Monday, January 23, 2012

Book Review: Makeda by Randall Robinson

While the Encyclopedia Britannica says that Makeda was the name of the Ethiopian Queen of the kingdom of Sheba during the 10th Century B.C., Makeda is also the name of the latest book authored by Randall Robinson.

At a book signing event held at Medgar Evers College for this very exciting autobiographical fiction novel, Robinson said, “I went to Jamaica and addressed a group of students and I asked have any of you ever heard of Toussaint L’Ouverture and not one of them knew who he was,” said Robinson. “But when asked do you know who Snoop Dog was, they said yes.” Perhaps the lack of cultural knowledge that we as a people are denied could have been the reason he wanted to expand upon our histories about our own selves in such a fascinating way.
The book Makeda is 315 pages. It is a genius work from start to finish. Each portion of Makeda is so particular within itself. It is definitely a book of substance.

There are a few themes that I found buried between the lines of each page. Some of them include love, culture, history, conviction, dreams and research.

The story is built around the love affair between the narrative voice and his grandmother, Makeda, which flows as sweet as a fresh, warm breeze. Makeda is an interesting character because she sees a world of beauty in her grandson with eyes that she has never really been able to see anything with because she is blind.


The book is easy to read. Robinson uses every day language to develop both the characters and story. The events that take place within the novel are things that we as a people can relate to. But not only that, there were also things I found in the book that made me interested in doing further research to know more.


Not to drift off the topic so abruptly but, I had a teacher once who got upset at his students for using the author’s name as the narrator or character in the book.  Instead he preferred his students to refer to this character as the narrative voice.  But because Robinson referred to this book as being partly autobiographical, I will refer to the character of the young grandson as Robinson.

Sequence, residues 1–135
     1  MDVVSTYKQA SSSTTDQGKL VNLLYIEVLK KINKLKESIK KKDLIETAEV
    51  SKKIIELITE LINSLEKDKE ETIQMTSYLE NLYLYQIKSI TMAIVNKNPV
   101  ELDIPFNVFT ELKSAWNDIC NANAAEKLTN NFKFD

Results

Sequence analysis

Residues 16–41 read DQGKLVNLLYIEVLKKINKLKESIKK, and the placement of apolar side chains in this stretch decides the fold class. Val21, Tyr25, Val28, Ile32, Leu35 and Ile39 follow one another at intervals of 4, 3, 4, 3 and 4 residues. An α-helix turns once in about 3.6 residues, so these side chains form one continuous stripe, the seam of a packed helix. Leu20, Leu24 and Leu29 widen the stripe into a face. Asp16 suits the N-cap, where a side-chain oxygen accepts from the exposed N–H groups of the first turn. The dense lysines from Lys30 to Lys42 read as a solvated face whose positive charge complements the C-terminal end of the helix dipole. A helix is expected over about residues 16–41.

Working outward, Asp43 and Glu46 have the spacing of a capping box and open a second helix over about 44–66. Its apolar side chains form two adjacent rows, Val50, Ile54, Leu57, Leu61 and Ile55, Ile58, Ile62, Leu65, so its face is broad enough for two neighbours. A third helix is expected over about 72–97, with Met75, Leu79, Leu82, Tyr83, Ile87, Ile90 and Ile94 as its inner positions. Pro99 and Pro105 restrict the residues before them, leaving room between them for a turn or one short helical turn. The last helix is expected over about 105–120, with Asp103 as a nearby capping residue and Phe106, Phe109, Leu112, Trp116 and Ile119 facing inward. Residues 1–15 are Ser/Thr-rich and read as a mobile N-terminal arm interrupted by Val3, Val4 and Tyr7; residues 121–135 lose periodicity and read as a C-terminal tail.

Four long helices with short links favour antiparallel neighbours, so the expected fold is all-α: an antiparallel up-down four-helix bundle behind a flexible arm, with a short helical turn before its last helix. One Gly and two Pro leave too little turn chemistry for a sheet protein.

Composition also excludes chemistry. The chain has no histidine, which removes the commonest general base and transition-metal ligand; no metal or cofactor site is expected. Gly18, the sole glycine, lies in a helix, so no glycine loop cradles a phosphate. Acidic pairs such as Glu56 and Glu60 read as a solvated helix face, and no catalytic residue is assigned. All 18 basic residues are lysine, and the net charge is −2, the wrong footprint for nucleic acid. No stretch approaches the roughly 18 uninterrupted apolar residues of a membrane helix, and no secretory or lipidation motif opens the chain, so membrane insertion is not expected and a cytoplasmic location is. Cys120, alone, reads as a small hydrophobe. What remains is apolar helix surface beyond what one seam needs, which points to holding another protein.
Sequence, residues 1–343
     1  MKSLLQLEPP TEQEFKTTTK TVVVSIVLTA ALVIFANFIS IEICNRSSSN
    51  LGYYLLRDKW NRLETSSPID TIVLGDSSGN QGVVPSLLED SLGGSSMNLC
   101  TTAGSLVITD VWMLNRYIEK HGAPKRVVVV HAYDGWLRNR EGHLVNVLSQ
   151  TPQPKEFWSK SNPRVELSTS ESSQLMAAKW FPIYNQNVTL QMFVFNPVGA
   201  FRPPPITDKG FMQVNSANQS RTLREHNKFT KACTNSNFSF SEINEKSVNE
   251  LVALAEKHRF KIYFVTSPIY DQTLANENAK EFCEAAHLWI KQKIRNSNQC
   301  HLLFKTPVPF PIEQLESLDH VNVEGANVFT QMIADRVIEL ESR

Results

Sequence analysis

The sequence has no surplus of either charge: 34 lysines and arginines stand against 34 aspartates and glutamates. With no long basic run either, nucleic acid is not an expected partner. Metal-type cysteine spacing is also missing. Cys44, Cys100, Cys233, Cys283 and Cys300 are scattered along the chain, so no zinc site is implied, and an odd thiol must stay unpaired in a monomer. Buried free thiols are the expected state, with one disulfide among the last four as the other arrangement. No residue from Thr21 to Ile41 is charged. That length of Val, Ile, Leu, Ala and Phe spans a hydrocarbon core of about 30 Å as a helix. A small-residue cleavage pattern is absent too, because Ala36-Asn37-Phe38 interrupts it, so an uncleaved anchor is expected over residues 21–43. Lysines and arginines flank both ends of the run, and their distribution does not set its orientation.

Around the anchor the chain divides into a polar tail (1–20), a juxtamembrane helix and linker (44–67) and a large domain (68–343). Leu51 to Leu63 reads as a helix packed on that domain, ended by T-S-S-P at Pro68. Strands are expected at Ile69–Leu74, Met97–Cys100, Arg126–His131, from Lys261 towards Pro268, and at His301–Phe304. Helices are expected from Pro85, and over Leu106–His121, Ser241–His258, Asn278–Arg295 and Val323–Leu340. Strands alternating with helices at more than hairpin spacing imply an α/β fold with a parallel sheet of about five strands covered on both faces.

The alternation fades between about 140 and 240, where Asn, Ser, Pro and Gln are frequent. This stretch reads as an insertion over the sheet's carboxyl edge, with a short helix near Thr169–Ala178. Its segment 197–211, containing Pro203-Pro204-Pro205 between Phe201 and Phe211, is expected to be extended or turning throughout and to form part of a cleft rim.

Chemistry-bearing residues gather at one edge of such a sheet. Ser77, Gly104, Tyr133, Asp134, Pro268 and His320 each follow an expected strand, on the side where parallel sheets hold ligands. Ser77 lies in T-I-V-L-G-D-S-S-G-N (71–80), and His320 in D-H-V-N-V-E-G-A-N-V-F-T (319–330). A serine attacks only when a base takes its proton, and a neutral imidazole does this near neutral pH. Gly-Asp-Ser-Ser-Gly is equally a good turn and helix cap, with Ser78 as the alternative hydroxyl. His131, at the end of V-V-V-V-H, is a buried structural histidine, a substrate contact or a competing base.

Robinson gives evidence in this book that his biggest inspiration is his grandmother, an image of love that has always been there trying to lead him in the right direction. His grandmother often has these dreams that take her into past centuries, so the idea of reincarnation is present in this book. Visions of yesterday are fixed closely in her memory, almost as if she had lived through them. And so, the past constantly collapses into the present as Makeda bounces back and forth from the present to the past and back again.

Perhaps this could have been her methodologies of training a young boy to be a knowledgeable and respectable man, by trying to expand his knowledge beyond the barriers of what the educational system teaches. In truth, we might know a lot but there is always more to learn.

Not only did Robinson’s desire to know more push him into the writer he would soon become, but also gave him the incentive to work harder. Robinson proves to the reader that knowledge is power as he explores the architectural beauty of the history of the world. And so, by going beyond the measure, he set up the stage for a great existence.

His grandmother also exposed him to what true love is. He treated her like a queen and she gave to him all the love and nurturing he deserved. The love they shared enabled Robinson to carry on the concept and share it mutually through husbandry.

Makeda is a book that will stretch the barriers of your mind. Robinson writes with conviction out of his own historical imagination. Not only is it a well-written story, but it carries with it an astronomical amount of history.
One of the reasons for writing a book of this enormity was because Robinson felt that, “we cannot see beyond the opaque, toxic space that centuries of slavery took up.” History truly does matters to shaping the world.

Sometimes we don’t understand how important it really is but even in our times today, our own history is important to research and learn. Take it from the knowledge of rapper Nas who in his hip-hop song, One Love, said, “sometimes I sit back with a Buddha sack/ minds in another world/ thinking how can we exist through the facts/ written in school text books, bibles, etc./ Fuck the shool lectures/ their lies get me vexed.” Perhaps it is our duty to know and understand the who’s, what’s, when’s, where’s, and why’s of how we came to be where we are today. The truth!
Robinson embraced the sky by taking a trip down memory lane. The duty of his day became seeing beyond the fence and as a result, created this great read. Get your copy today: Here's The Link

Links to Consider

Makeda - Enter Here

The Kebra Nagast: The Queen of Sheba and Her Only Son Menyelek - Enter Here

Do Not March Gently Into The College World Freshman (A Villanelle) - Enter Here

We Want English! No Teacher, No Students! - Enter Here

The Right Field (A Poem) - Enter Here

101 Remarkable Black Women from Queen of Sheba to Queen Latifah - Enter Here

Shattered - Enter Here

The Interesting Narrative of the Life of Olaudah Equiano - Enter Here

January 1st, Haitian Independence Day - Enter Here

Illmatic - Enter Here

Hottest Rap Albums Of All Time - Enter Here

End With a Bang - Enter Here

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